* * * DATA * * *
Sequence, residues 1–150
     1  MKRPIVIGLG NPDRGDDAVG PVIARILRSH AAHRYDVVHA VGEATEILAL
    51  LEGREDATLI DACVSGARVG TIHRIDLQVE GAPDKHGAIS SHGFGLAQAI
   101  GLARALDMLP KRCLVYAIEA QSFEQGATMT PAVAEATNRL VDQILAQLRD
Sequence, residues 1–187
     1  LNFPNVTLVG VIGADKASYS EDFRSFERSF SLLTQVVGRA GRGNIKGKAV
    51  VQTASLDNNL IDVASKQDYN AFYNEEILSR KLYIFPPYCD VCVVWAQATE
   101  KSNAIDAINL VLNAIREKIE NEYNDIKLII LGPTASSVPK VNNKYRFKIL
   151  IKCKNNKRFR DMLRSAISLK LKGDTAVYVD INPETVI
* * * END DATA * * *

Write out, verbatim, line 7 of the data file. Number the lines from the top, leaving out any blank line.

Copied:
    51  VQTASLDNNL IDVASKQDYN AFYNEEILSR KLYIFPPYCD VCVVWAQATE